Tuesday, 31 July 2012

Maze Games #6

Pit Pot (1985)
By: Sega Genre: Maze Players: 1 Difficulty: Easy-Medium
Featured Version: Sega Master System First Day Score: 93,700
Also Available For: Nothing

The Master System was quite an unusual console in some ways. One of these ways, and the one currently on my mind, was Sega's decision to accommodate two separate storage media - the traditional ROM cartridge of course, but also the Sega Card which were small credit-card-sized things known as 'My Cards' in their homeland. There wasn't a huge number of releases on the latter format though, and those that were released, due to the more restrictive nature of the cards, were smaller or more basic than their cartridge-based brethren and released at a cheaper price accordingly (here in the UK, at least). One 'My Card' game I've always wanted to try is this very game, mainly due to its amusing name, but while it was released as a standalone game in Japan, us UK gamers had to track it down elsewhere.

The first screen of the game...
There were more than a handful of Sega Card games released here so I'm not sure why, but Sega only allowed UK gamers to play Pit Pot via an uncommon combo-cartridge on which it accompanied the splendid Astro Warrior. Least we got it at all though, I guess, and it has turned out to be a less-simple game than I had anticipated too (though only marginally so). It's story isn't though - a very short intro sequence shows some stupid princess getting kidnapped (big surprise there) by a big-nosed witch and taken to a slightly foreboding-looking castle from where she screeches for help. From here, you can choose between four difficulties - practise, beginner, average, and expert. Each consists of an overhead-viewed flick-screen maze in which you must find the princess after first collecting several important items.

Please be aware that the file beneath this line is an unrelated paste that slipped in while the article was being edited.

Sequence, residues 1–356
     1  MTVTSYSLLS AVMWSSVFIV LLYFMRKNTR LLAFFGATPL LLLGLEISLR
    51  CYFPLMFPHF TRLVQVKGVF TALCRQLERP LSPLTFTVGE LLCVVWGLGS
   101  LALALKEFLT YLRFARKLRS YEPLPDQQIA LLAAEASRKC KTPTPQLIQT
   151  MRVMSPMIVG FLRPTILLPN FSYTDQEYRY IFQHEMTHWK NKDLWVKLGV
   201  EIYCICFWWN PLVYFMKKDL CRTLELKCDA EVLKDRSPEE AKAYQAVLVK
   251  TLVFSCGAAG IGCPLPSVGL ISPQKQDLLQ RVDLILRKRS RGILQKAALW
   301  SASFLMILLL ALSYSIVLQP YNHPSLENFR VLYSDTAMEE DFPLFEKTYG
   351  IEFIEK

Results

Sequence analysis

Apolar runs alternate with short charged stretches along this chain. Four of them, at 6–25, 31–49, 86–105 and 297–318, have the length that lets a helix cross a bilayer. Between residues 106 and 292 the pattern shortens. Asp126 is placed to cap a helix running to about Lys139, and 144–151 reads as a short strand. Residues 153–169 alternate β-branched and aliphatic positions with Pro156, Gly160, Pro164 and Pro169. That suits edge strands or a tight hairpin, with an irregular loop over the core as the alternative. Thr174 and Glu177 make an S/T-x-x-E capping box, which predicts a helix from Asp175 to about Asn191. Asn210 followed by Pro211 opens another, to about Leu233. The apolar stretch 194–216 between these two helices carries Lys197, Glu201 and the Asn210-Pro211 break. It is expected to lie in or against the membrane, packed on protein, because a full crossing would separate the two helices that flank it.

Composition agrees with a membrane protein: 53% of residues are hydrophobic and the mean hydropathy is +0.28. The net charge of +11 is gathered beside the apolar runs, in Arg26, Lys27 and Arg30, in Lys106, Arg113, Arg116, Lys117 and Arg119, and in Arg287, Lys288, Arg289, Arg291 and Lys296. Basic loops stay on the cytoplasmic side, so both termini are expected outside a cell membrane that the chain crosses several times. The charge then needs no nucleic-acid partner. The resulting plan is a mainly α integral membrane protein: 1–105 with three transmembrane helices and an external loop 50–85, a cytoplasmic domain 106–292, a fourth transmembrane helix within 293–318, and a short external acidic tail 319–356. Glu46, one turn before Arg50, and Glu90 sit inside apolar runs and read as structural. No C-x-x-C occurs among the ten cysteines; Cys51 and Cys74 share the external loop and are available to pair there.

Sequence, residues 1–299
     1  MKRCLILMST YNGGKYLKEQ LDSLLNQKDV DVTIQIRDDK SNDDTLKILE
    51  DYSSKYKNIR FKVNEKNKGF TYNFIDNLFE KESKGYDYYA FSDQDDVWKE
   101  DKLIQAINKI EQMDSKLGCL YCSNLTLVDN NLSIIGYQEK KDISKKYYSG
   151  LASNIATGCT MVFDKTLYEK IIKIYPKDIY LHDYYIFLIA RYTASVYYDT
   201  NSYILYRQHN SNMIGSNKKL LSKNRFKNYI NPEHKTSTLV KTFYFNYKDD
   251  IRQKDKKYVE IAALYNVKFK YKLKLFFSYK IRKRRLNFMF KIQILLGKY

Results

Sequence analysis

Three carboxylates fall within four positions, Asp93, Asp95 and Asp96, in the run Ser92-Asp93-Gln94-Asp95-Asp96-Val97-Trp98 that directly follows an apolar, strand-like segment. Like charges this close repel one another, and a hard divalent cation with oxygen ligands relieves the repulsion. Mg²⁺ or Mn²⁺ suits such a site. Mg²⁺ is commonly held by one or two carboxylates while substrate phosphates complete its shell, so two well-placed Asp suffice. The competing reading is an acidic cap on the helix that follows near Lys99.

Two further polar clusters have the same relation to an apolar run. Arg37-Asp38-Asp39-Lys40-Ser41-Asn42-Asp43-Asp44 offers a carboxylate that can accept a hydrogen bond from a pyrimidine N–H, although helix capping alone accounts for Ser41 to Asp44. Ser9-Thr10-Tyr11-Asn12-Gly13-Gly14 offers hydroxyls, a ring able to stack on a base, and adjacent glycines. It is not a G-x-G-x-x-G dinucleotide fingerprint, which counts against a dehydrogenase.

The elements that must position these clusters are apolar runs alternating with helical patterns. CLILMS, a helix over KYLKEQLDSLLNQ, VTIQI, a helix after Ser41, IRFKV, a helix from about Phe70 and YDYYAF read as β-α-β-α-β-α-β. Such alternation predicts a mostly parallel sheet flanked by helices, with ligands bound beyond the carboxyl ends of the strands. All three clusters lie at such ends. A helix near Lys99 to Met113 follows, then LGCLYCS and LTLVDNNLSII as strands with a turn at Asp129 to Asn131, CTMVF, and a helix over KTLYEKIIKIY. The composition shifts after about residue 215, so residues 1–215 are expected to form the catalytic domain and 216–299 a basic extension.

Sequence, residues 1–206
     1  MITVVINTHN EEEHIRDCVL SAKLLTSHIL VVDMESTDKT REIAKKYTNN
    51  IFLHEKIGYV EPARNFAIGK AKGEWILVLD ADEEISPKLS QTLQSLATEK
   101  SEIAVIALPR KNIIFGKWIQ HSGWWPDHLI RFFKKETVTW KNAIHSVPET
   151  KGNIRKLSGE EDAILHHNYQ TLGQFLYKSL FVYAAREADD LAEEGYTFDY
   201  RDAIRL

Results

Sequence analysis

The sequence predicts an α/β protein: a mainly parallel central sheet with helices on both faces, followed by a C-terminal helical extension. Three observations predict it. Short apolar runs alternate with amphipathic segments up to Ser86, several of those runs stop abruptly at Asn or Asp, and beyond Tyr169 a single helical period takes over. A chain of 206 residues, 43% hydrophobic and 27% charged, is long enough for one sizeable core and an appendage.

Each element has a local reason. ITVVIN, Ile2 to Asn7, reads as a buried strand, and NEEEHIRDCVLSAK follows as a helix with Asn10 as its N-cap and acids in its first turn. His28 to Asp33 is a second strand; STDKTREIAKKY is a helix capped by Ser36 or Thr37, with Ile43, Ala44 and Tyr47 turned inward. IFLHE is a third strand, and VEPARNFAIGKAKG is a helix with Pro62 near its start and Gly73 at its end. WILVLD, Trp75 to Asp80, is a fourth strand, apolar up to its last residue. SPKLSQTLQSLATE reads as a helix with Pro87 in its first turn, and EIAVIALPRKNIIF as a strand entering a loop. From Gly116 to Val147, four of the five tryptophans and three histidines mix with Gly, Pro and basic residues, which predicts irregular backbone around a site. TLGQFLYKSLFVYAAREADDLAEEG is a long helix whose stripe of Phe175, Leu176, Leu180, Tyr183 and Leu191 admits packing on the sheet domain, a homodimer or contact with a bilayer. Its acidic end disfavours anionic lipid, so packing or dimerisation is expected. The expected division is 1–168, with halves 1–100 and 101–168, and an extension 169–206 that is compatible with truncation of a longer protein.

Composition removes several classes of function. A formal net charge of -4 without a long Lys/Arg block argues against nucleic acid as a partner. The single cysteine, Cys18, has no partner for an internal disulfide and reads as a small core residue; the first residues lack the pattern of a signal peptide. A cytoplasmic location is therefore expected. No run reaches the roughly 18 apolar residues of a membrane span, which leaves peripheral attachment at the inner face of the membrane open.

Numerous helpful items in this room...
Doing this involves taking control of a squat character who looks like a cross between Bomberman and the guy from Speccy game, Finders Keepers. Each room of the castle consists of a 14 x 10 grid which is filled in by various mixtures of grey floor tiles, which he can walk on, and black void, which he cannot, and is surrounded (though not always completely) by a border of gold tiles. To rescue the princess on each of the four difficulties, our heroic-yet-nameless knight must first find a cross to prevent her from turning into a witch, a potion to wake her up, and a ring so she'll marry him! There are also a number of jewels in each maze and it's necessary to collect those before rescuing her as well - if you don't it's game over, regardless of which other items you've collected or how many lives you have left.

A scary dragon launches a fireball my way...
Numerous enemy creatures prowl each room as well but there aren't many types - trolls, which come in blue or pink varieties, dragons, and hoppers. The trolls are most plentiful and just wander around like absent-minded oafs while dragons are stationary but always face you - when you walk past them, they'll spit a fireball at you - oof! The last kind of enemy is the hopper which is seldom encountered but, as their name suggests, can leap across gaps into our hapless hero. Of course, the merest touch from any of these rapscallions is enough to cost our brave knight one of his lives. Fortunately, he's able to smack them about with a large mallet. One strike sees them disappear in a puff of smoke but they respawn almost immediately in a pre-determined spot.